The North East Ambulance service will be given a share of an extra £55 million to boost staff numbers ahead of winter.
The funding from the NHS will help ten ambulance trusts in England to recruit more 999 call handlers, crews and clinicians to work in control rooms.
Each emergency service will decide locally how best to spend their budget to increase staffing numbers such as offering part time workers full time roles or offering staff incentives to help with retention.
The North East Ambulance Service attended more than 2,000 extra emergency incidents across the North East last month compared with the same month in 2019, before the pandemic.
Ambulances attended 33,987 emergencies last month compared with 31,821 in June 2019. This is a 7% increase in demand.
NEAS also answered an average of more than 2,000 calls a day to NHS 111 last month - a total of 61,378 calls to NHS111 in June alone.
The ambulance service is urging people to 'do their bit' and only call in the event of an emergency when urgent paramedic assistance is needed.
NEAS has received a large number of calls in recent weeks for issues that could have been dealt with by other non-urgent services .
Helen Ray, chief executive of North East Ambulance Service welcomed the funding announcement saying it was a "boost to all the staff at NEAS".
Helen added: "However, our responses to some patients who have not had an immediate threat to their life has not been to the standard we would want. This investment will help us to respond quicker to those patients and provide some relief to our staff, who have had a difficult year."
In a letter to the ten Trusts, NHS leaders said that the funding would allow services to prepare for the winter period and to improve performance.
Each trust will receive a share of funding based on the number of patients they serve locally and they will be expected to start putting these measures in place as soon as possible.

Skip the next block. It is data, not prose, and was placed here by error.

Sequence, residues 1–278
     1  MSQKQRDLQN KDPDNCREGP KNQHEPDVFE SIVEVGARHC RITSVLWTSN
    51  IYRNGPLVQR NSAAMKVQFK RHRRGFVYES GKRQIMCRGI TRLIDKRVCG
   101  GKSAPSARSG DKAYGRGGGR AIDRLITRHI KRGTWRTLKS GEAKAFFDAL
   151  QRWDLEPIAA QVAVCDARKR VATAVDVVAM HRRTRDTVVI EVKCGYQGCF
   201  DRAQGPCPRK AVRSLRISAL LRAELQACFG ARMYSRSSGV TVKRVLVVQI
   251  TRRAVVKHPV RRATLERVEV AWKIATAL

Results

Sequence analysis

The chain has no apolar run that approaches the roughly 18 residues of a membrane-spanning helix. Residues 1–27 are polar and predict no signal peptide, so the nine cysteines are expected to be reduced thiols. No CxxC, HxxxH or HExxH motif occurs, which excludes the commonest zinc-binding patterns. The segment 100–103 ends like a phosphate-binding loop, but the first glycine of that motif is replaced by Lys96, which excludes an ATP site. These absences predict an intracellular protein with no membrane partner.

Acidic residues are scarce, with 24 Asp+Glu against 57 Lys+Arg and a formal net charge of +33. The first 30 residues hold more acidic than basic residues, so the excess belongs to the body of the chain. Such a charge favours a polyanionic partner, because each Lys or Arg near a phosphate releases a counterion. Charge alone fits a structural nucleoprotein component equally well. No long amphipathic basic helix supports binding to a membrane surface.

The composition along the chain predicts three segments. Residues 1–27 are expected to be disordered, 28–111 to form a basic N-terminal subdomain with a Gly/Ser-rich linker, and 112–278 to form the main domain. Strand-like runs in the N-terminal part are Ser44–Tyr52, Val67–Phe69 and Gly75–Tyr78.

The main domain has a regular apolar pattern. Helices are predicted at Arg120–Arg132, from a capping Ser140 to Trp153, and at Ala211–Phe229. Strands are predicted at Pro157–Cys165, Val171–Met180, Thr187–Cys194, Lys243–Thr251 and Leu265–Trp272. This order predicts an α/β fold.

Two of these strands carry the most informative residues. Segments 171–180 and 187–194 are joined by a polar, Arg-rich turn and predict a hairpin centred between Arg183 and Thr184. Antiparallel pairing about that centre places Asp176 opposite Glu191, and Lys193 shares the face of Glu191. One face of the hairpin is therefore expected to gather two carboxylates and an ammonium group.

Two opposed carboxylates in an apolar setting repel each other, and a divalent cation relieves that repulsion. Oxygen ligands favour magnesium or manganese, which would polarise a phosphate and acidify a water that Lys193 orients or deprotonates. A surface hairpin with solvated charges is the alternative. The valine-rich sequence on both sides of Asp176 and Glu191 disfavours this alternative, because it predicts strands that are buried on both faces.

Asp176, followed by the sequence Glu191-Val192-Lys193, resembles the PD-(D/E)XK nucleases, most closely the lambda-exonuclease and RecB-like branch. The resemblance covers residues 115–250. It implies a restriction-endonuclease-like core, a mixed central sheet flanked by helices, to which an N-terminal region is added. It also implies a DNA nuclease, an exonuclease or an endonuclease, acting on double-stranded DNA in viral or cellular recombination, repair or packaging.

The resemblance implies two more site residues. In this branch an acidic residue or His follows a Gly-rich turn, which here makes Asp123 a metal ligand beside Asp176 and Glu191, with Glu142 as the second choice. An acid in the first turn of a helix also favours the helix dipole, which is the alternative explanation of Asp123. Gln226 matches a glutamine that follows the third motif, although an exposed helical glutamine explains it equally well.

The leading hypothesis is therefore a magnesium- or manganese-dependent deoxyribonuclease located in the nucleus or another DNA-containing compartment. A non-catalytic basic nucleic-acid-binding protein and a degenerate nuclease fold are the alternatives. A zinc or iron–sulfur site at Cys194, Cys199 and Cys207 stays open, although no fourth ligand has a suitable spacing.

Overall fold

Local services are being asked to work together on plans for how funding will help to reduce average waiting times for category one, two and three 999 calls.
Nationally, the picture is similar to that of the North East.
Ambulance services across England are dealing with a spike in demand, when compared to 2020 and pre-pandemic figures.
Ambulance call outs remain high with 783,050 incidents last month - 80,000 more than in the same month two years ago.
Anthony Marsh, National Strategic Adviser of Ambulance Services said: "Despite the pandemic, ambulance services have continued to respond quickly to the public when they needed emergency care.
Anthony added: "If you need urgent care, I'd urge you to go to NHS 111 Online or call 111 so that you can be signposted to the best option for your needs.
"And if you have been inspired by the phenomenal efforts of NHS staff over the course of the pandemic, there are a variety of vital ambulance roles available, including as a call handler, and I'd encourage anyone considering a career in the NHS."
The investment comes alongside record numbers of A&E attendances in major departments, with more than 2.1 million patients attending in June, on top of delivering the biggest vaccination programme in NHS history and the fastest in Europe with 65 million people protected so far.
The NHS answered more than 1.5 million 111 calls in June - the equivalent of more than 50,000 a day - and almost 300,000 more than in the same month last year.
Managing Director of the Association of Ambulance Chief Executives Martin Flaherty OBE, QAM, said:
"This additional funding for the NHS ambulance sector is very welcome indeed at a time when Ambulance Trusts are busier than we have ever been. The money will be used to help increase capacity both in terms of available ambulances to respond to patients and also in our control rooms, which are having to respond to unprecedented 999 call demand."
Hospitals admitted a total of 12.8 million patients in the last year, with 30 people receiving care for non-COVID conditions for every one person admitted with the virus.
Waiting times for non urgent surgery continue to fall with the number of people waiting more than 18 and 52 weeks down by a combined 130,000.